Driving home after a late-night party, you take advantage of the deserted highway to cut across the lanes in a haphazard manner. Suddenly, out of the dark comes a voice as stern as that of your fourth-grade math teacher: Bad right-lane change!
No, it isn’t a police officer or a lady in a neighbouring vehicle, but a smartphone app that will ensure you never make the mistake again.
Say hello to ‘Mobile Life Guard’. Invented by Ram Dantu, a professor of computer science and engineering at the University of North Texas, it has technology that enables the smartphone to detect weather, road conditions and the risk factors involved. Hailing from Machilipatnam in Andhra Pradesh, Dantu is an engineering graduate from the Madras Institute of Technology and a former IISc employee.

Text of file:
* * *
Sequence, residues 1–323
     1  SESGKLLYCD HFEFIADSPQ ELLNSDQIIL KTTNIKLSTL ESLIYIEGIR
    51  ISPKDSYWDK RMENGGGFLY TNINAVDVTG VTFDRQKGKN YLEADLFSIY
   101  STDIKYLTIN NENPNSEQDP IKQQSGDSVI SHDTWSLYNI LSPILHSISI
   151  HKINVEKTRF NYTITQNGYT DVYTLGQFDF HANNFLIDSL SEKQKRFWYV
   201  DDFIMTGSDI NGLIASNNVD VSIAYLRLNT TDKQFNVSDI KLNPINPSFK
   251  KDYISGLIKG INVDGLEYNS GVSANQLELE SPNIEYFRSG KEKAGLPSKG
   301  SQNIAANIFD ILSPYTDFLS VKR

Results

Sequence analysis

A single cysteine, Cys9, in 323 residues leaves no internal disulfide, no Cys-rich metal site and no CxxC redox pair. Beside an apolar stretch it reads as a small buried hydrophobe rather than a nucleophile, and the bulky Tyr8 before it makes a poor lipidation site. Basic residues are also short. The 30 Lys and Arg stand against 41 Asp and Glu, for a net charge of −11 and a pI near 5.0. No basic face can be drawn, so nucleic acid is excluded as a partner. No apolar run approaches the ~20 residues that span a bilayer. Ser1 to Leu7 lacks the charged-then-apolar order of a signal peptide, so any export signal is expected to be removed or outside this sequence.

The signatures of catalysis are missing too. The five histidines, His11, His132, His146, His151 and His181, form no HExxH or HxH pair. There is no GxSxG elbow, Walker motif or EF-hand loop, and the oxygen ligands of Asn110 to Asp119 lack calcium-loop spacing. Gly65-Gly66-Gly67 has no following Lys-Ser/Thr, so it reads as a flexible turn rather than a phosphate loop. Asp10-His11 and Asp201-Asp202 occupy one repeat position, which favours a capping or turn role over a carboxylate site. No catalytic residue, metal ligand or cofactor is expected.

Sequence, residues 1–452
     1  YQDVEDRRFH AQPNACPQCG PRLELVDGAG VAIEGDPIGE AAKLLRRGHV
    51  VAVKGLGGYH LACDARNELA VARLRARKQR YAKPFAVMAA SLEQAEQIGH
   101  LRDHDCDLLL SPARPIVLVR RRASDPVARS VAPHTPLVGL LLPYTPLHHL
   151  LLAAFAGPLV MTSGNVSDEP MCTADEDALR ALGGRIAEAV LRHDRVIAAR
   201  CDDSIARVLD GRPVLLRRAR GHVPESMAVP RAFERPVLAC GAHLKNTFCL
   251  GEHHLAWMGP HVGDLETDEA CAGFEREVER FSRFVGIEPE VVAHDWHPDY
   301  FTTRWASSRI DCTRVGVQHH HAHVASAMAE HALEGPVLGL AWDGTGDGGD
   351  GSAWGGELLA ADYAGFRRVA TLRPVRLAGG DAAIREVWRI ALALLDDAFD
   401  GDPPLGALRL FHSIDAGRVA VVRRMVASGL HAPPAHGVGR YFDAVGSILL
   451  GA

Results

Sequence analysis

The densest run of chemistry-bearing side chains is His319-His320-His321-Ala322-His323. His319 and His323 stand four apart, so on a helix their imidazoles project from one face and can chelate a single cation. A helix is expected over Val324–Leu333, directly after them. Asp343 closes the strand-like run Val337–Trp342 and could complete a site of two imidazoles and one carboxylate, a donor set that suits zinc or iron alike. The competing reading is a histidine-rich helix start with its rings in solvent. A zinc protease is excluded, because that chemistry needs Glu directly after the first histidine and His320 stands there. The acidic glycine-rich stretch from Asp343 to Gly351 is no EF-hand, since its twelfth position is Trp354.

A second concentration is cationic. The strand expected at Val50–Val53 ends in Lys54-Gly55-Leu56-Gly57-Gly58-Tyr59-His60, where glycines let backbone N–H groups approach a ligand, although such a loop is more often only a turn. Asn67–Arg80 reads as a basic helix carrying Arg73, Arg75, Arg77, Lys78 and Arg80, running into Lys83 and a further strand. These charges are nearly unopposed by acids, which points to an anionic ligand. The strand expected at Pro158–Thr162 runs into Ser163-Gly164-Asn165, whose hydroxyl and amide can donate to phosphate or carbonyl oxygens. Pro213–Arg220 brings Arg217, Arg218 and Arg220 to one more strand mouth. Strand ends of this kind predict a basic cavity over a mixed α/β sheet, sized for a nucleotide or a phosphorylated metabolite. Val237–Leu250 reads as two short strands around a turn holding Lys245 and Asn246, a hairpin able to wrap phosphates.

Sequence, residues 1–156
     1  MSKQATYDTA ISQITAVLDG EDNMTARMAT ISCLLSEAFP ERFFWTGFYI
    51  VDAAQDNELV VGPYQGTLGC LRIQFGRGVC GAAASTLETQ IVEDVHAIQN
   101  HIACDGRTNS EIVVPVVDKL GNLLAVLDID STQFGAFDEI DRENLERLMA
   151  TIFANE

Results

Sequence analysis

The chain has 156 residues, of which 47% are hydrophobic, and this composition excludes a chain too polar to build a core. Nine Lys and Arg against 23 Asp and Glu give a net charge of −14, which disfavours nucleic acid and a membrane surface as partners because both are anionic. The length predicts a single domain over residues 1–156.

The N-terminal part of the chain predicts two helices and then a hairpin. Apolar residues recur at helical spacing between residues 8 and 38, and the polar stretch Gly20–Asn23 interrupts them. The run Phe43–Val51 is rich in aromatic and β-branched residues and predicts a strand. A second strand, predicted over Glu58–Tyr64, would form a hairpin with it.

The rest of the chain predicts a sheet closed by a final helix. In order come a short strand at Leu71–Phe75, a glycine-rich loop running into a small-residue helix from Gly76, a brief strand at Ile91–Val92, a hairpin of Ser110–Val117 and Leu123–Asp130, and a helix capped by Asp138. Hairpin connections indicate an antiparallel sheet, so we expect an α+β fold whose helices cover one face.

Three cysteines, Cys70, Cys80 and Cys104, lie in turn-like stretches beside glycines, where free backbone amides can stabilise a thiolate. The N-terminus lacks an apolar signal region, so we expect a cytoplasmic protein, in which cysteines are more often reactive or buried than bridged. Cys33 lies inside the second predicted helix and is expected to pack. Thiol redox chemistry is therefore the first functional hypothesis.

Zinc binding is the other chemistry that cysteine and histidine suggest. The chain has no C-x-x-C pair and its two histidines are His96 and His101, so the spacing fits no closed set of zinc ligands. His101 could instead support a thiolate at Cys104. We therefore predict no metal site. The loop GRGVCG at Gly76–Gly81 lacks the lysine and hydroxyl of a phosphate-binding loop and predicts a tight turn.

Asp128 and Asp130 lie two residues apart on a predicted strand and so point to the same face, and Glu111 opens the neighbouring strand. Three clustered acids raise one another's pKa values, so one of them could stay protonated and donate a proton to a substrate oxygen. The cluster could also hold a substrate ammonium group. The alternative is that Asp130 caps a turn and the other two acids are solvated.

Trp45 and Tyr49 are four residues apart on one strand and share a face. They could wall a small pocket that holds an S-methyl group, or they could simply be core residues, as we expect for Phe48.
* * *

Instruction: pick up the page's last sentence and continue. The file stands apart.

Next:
Bad driving is not the only thing that the app warns you about. Even if you start talking or texting on your mobile phone while driving, the dragon lady will turn up to slap your wrist.
“The signal-processing software makes use of multiple sensors to detect what the driver is doing,” Dantu said. “The software is essentially for US roads, the parameters will have to be fine-tuned for introduction in India.”
Once the phone is placed on the vehicle’s arm rest, the app senses the person’s driving pattern — especially lane changing, braking and tail-gating.